Describe a film as a “Tom Hanks movie” and everyone knows what to expect: A highly likable, regular guy who gets caught in extraordinary circumstances but rises to the top due to his true good character.
It’s this credibility that has landed Tom Hanks at the top of the list of “Most Trustworthy People in America,” according to Readers Digest and Forbes.
The credibility of the Tom Hanks brand translates to big bucks for the actor and the projects he’s associated with. Sales credibility and the power of your brand translates into dollars for you and your organization as well. So it’s good to do a gut check and ask:
“How is my sales credibility?”
Credibility is incredibly important and difficult to quickly gain in sales. When trust is low, as it is at the beginning of most salesperson-buyer relationships, your every statement is subject to scrutiny and skepticism. So how do you turn around that inherent low level of trust so that you and your solution have a fair shot? Like Tom Hanks, make credibility your personal brand by leveraging the following tips.
Make Sales Credibility your Personal Brand:
Sprinkle in accomplishments.
Of course, you’re not a celebrity like Tom Hanks, which means you may need to include your experience or credentials in a sales presentation or conversation. But avoid the urge to unload a laundry list of qualifications on your prospect, especially early on. Instead of building credibility, thumping on your chest too soon often has the opposite effect on skeptical prospects. Think about what qualities or achievements matter most to your customer and sprinkle them in where relevant. For a really effective way to do an introduction, read here.
A pudgy castaway? Audiences never would have bought it. Tom Hanks lost 50 pounds to give a credible portrayal of a man stranded on a desert island for four years in Castaway. Your body and your voice should support who you are and what you are saying if you want to be perceived as credible. For example, saying, “I welcome all questions,” or “Let’s make this more of a conversation,” while you stand behind your laptop and rush through slides sends a mixed message.
Talk their talk.
Sure, actors have a script which gives them the precise words to be credible in their role, whether they’re portraying a softball coach or an astronaut. On the other hand, most sales presentations are filled with confusing acronyms and buzz words that do more to erode credibility than build it. Don’t try and teach your customers your language. Do the homework of incorporating the language of the customer in your script. Putting in the effort to speak in your customer’s terms will help them understand your message better as well as give you greater credibility.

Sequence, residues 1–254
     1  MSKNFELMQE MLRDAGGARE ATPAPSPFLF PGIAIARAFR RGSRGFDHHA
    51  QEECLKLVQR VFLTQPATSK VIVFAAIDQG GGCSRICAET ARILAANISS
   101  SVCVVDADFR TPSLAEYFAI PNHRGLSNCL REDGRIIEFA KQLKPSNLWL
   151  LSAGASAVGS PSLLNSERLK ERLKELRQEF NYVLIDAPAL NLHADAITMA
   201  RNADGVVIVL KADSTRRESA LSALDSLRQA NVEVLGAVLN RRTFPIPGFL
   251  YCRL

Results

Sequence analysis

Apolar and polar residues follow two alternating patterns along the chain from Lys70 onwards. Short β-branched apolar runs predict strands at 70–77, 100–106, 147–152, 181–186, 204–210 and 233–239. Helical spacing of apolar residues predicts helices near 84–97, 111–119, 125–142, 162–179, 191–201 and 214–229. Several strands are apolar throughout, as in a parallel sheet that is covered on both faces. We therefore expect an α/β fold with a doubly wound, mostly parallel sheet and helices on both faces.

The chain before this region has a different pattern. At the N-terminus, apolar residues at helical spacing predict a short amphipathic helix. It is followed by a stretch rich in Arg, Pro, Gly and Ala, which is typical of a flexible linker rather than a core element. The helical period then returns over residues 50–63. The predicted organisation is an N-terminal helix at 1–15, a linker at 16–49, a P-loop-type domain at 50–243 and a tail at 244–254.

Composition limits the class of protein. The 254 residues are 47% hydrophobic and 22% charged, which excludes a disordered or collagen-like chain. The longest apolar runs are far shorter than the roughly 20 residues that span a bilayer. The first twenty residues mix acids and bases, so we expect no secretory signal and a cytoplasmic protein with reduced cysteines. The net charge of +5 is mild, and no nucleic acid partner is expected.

Walk the talk.
Having sales credibility ultimately means doing what you say you’re going to do. When Hanks’ Captain Miller in Saving Private Ryan says “I am willing to lay down my life and the lives of my men…to ease her suffering.” No one doubts him. Build credibility by sticking to even the smallest implied agreements with your audience, like starting and ending your presentation on time, or following up promptly to all requests. Nothing gives people greater confidence in you than seeing you walk the talk.
Take nothing for granted.
Co-workers of Tom Hanks will tell you he is extremely focused and doesn’t take his success for granted. He shows up on the set prepared to make each film the absolute best possible. Even if you’ve presented the same basic content to many customers, many times, don’t take anything for granted either. Make sure you have everything you need to support and deliver your presentation successfully. Do discovery. Practice and tailor your message for each unique audience. All of this footwork will allow you the freedom to show up and focus on giving your best performance each time.
Be yourself, but don’t limit yourself.
Those who have met Tom Hanks say he is incredibly down to earth. He knows who he is, but he also continues to push his range. For years he played the nice guy next door before progressing on to astronaut, boat captain, scientist, and AIDS activist. With each role, he still made it his own. Tom Hanks’ repertoire has expanded over the years and so can yours. Be authentic, but continue to grow and evolve. If you know you have more inside of you to offer as a presenter, get the support you need to help express that.
By Dick Thomas Johnson from Tokyo, Japan [CC BY 2.0], via Wikimedia Commons